Reflections for the New Year
January 01, 2011


As we enter the beginning of the new year, it is fitting for each of us to pause and reflect on where we are – where we stand spiritually in our relationship to God, where we stand interpersonally in our relationship to others, and where we stand vocationally in how we have worked and used our time. It is so easy to forget or ignore the things that are most important, the things that are of first priority, and that omission affects every other aspect of our life.

For many of us, time just slips away. When we were kids, our parents might shout to us when we were taking too long: "Do you think we have all day?" I am not sure we even understood what those words meant. In our minds, there was always lots of time! We agreed with the Rolling Stones: "Time is on my side, yes it is." I would love to ask Mick Jagger – who made that song famous in 1964 – a question: "Do you still think that time is really on your side?" The photos of the Stones do not agree with the song! Time has ravaged some of them and destroyed one of them. The drugs, the booze, the promiscuity, have all had their devastating results. I am not saying these things as a personal slur about the Rolling Stones. It is simply a statement of reality. TIME (in terms of the brevity of life and the certainty of death) IS NOT ON OUR SIDE; NO IT'S NOT! We are vain and foolish if we think that it is! The end of a year and the beginning of a new year is always a good time for all of us – young or old, healthy or ill – to consider the time of our life.

Psalm 90 tries to make this message clear by using one of the few recorded songs by one of the few people more popular than Mick Jagger, and by a man who knew what he was speaking about. There are a few people who are so well known that one only has to mention a single name they go by and there is immediate recognition: There is Dylan, there is Madonna, there is Michael, there is Obama, there is Oprah – you get the idea. What you might not have thought of is that included in that list of people known only by one name, there is the composer of Psalm 90, who most people do not even know wrote the psalm, but who is probably the most name recognized person in history apart from Jesus. That person is Moses. Moses did not write many songs which were written down, but he did write Psalm 90. He wrote this song at the end of his life, when he was around 120 years old, and he spoke of 3 realities in his song: God, man, and time.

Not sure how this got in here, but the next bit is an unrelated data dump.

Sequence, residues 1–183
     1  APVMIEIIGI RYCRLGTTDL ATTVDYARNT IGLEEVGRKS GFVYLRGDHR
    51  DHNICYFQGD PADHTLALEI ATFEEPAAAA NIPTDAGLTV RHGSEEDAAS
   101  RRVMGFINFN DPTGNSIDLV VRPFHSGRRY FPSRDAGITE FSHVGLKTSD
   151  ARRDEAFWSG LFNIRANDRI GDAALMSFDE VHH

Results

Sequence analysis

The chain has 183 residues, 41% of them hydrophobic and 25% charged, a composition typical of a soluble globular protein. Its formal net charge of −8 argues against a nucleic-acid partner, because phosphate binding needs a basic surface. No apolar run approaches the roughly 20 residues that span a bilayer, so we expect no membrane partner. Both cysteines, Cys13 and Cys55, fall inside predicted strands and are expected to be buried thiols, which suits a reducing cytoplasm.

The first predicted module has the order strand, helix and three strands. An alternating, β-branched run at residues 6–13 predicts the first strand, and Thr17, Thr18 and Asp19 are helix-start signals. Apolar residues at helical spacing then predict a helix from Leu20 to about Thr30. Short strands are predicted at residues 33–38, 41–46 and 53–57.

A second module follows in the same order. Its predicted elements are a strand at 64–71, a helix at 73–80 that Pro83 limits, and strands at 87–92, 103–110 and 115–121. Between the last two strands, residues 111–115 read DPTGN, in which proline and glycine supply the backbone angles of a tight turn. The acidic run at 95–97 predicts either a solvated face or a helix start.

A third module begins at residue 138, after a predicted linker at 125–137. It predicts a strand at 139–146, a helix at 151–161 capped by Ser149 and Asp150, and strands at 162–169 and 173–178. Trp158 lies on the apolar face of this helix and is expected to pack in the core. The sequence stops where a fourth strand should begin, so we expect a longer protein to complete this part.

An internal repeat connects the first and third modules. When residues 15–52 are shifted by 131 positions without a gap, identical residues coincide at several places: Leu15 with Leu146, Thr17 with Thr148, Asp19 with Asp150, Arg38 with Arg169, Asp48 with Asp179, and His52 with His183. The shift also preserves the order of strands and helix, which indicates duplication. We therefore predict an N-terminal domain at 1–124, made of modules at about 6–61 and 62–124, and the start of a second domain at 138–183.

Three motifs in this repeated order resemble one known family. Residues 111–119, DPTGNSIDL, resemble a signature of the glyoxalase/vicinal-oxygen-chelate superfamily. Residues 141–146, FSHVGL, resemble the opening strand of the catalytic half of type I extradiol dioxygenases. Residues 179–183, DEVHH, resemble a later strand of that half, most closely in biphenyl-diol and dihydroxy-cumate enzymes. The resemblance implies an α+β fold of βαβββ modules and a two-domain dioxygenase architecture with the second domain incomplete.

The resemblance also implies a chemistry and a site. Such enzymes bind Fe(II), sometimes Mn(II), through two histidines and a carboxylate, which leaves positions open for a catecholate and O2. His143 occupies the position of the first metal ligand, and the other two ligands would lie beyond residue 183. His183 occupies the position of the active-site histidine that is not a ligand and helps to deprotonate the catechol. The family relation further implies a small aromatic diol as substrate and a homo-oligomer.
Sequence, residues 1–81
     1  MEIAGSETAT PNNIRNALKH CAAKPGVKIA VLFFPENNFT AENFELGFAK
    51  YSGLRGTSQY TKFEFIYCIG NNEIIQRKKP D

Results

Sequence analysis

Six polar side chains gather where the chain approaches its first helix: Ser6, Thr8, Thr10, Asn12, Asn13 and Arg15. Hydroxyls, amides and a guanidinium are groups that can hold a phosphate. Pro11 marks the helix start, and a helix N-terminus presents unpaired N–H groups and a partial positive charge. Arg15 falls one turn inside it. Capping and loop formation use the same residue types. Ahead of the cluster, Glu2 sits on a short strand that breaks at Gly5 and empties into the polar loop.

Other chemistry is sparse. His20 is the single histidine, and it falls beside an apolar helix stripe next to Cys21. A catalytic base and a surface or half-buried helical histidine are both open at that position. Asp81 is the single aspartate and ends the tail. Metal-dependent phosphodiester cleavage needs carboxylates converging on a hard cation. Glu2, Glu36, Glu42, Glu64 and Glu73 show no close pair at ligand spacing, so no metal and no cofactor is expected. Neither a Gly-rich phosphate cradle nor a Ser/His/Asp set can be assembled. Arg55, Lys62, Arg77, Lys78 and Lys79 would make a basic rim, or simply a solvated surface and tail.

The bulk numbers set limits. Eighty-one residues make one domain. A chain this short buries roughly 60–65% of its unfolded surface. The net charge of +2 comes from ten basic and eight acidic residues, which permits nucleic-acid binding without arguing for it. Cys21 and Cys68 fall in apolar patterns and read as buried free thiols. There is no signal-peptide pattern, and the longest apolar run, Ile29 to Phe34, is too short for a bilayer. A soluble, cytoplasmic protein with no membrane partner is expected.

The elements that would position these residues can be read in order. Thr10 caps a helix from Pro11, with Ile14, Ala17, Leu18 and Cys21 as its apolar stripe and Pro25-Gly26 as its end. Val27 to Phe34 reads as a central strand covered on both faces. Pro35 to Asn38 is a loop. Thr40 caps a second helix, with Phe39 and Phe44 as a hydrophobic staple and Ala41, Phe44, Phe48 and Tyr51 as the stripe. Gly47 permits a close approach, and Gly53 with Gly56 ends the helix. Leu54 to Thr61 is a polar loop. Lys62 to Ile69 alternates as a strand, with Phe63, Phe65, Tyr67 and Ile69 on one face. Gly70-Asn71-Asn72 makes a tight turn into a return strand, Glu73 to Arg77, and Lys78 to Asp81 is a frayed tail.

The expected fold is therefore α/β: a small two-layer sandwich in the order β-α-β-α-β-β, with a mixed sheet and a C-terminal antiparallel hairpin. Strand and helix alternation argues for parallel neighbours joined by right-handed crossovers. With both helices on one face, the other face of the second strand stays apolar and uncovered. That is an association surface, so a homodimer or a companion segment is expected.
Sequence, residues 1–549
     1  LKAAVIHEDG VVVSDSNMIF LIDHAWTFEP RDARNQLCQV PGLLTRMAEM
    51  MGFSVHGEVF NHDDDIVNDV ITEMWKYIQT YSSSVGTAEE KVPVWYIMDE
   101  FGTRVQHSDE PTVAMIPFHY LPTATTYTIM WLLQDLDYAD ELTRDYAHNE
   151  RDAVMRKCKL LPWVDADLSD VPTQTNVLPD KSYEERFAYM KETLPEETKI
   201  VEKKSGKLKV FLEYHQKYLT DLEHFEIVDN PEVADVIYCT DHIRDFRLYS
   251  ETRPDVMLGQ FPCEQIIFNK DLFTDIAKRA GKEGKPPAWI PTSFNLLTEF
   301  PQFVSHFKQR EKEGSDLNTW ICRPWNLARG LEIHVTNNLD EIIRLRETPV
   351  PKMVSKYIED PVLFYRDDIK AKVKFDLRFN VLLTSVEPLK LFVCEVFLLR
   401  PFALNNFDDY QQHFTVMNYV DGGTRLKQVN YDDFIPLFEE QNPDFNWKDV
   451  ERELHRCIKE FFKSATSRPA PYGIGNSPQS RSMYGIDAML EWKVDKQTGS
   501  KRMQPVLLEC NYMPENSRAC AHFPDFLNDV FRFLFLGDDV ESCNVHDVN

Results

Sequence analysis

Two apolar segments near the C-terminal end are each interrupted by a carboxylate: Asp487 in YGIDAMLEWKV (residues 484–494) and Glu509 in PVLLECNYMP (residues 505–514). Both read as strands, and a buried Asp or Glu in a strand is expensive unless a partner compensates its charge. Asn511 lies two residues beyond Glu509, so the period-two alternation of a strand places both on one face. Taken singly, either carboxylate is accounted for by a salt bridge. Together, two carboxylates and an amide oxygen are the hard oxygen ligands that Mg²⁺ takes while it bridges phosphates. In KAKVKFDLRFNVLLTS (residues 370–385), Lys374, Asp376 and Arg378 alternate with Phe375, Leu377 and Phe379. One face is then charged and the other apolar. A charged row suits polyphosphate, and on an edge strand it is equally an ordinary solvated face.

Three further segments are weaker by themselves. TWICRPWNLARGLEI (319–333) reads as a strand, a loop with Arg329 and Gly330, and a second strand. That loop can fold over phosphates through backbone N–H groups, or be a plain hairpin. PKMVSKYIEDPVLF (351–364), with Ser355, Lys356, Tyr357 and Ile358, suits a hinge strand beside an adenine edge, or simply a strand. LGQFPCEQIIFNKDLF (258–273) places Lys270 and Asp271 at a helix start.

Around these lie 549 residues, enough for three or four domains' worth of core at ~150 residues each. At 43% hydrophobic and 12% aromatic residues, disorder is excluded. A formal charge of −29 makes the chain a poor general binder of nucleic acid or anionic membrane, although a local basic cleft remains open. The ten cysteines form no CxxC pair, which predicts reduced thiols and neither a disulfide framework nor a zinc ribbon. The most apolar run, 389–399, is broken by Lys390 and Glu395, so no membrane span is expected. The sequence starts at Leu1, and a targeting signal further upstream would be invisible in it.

Take a few minutes as you enter this new year to read through Psalm 90. Looking at the realities of God, man, and time, and taking the truths connected with them to heart – working them out in our life – will help us make every moment that we have count.

There are four things we need to recognize in connection with the three realities of God, man, and time. The first is the eternality of God (Ps 90:1-2). God IS. Jesus tells it to us this way: "I AM" (John 8:58). God always was there. God always will be there.